The Maritime History of the Great Lakes
Charles J. Kershaw (Propeller), overboard, 1 Nov 1877

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      We are compelled this morning to announce another terrible encounter with the elements outside, and the drowning of an old navigator and gallant sailor.
      The steamship C.J. KERSHAW arrived in Chicago last evening with a cargo of 1,330 tons of coal from Erie. Her under officers have bad news, which is that the Captain W.O. Harrison, was swept overboard and lost during a southwester in Saginaw bay on Sunday Night. Mr. A. W. Cooper, the second mate, reports that about 10:30 o'clock on the night mentioned, the wind blowing a terrific gale, the steamer shipped a tremendous sea, broadside, which washed the hatches off, half filled the cabin and engine room, nearly putting the furnace fires out and carried away all the boats. The cargo was shifted, and the steamer wallowed so long in the trough of the sea that all feared she would founder. The decks were covered with ice, making movement about by the crew impossible for the time being, and it was not until the storm had abated in a measure that the captain was missed. He was on the deck when the steamer was struck, and his voice was heard a few minutes previous, and was without doubt carried overboard with the great wave. As soon as he was missed, search was made about the steamer, the crew thinking that perhaps he had fallen through one of the hatches or been jammed in somewhere on deck. All search proved to no avail, however.
It required five men at the wheel during the storm. All the mender of the crew with whom our reported talked last night regarded the escape of the KERSHAW and all hands as exceedingly narrow.
      The KERSHAW met with trouble before her encounter with the storm on the bay, and the loss of her master. Shortly after getting out on Lake Erie, she blew out a soft plug of her cylinder head and had to return to Cleveland for repairs, and at 3 o'clock on Saturday morning she went on the beach at South au Pelee, and remained there for three hours. After getting off there, she got on Chickaluna Reef, and was on for two hours, but did not sustain any damage.
      Captain Harrison had sailed for many years on the lakes. For a long time he was in the employ of J.P. Ralph, of Detroit, having command of the propeller MAYFLOWER and other craft. He was master of the schooner HURD when she foundered off South Manitou several years ago, and was the only survivor. He was well known and highly regarded. He leaves a wife and two sons, one of 16 years and another an infant. His place of residence was Detroit.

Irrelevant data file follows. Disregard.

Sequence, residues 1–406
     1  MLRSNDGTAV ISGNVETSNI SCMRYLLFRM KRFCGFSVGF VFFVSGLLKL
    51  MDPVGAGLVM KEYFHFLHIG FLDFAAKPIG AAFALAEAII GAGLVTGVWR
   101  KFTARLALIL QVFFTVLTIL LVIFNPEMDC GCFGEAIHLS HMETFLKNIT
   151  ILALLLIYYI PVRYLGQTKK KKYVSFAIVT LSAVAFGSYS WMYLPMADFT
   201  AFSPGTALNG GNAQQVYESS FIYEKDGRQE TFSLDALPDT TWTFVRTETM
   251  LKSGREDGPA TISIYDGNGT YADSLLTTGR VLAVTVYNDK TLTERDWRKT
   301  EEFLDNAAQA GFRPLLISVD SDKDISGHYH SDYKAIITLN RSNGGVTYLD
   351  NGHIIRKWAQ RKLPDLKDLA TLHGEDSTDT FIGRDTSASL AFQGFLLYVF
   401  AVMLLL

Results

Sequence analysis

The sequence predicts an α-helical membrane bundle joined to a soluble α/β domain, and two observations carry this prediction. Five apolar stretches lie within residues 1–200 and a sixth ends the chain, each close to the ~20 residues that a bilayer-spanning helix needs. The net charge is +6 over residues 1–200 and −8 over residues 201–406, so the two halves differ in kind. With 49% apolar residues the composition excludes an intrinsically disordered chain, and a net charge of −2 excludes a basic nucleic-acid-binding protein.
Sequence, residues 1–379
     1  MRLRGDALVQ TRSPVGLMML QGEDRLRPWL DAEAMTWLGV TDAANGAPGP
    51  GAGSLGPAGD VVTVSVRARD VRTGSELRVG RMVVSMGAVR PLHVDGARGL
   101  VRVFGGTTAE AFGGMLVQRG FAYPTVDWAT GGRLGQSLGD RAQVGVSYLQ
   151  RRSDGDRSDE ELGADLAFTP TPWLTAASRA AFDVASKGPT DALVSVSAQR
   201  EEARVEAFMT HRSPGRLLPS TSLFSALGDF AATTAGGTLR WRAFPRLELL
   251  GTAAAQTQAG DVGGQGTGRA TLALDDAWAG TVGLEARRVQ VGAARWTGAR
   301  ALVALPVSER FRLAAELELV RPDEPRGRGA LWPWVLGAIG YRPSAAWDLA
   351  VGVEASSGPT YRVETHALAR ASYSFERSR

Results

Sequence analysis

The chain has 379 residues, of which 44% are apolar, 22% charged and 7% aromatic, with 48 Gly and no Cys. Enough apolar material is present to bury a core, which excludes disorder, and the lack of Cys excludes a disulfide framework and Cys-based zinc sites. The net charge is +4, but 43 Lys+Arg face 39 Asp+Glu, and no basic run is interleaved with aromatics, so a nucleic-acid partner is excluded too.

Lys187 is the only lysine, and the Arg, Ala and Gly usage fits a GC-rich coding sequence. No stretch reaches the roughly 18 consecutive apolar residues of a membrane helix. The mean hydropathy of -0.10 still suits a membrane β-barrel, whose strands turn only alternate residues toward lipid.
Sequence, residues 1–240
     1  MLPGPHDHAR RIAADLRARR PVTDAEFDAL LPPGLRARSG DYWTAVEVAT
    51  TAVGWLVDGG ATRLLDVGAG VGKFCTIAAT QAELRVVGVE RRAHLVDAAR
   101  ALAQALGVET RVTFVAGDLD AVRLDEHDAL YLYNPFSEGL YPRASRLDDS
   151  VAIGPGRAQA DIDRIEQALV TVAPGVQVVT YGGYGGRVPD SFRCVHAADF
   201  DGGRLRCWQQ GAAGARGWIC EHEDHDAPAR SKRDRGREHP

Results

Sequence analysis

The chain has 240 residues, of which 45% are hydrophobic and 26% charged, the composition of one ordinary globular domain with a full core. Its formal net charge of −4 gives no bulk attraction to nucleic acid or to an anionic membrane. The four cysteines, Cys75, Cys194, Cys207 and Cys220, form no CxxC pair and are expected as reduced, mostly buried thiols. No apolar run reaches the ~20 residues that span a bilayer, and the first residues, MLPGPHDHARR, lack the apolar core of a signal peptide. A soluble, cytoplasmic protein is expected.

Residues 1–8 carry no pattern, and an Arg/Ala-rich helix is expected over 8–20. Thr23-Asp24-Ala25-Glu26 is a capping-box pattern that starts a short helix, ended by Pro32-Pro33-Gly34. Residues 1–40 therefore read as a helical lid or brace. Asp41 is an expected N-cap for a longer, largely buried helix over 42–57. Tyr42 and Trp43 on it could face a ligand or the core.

The J.W. Hall Great Lakes Marine Scrapbook, November, 1877
Captain W.O. Harrison. -- The drowning of Captain W. O. Harrison, from the steamer KERSHAW, has created a universal feeling of regret among the vessel men at this port, who regarded the deceased as an efficient sailor and excellent friend. Captain Harrison was a resident of this city, and leaves a wife and son to mourn his loss. In 871 he was master of the schooner CHARLES HURD, owned by P.J. Ralph, of this port, which foundered on Lake Michigan with all on board, except the captain. Among those to go down on that ill-fated craft was the Captain's first wife and only daughter. Two years ago he exchanged a farm and other property which he owned for the steambarge DUBAQUE, which was lost at Long Point this spring. Following this disaster he assumed command of the KERSHAW, from which he met his untimely fate, as noted. -- Detroit Free Press, Dec. 7.
      The J.W. Hall Great Lakes Marine Scrapbook, Dec., 1877

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Reason: overboard
Lives: 1
Freight: coa
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Geographic Coverage:
  • Michigan, United States
    Latitude: 43.75002 Longitude: -83.66664
William R. McNeil
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Charles J. Kershaw (Propeller), overboard, 1 Nov 1877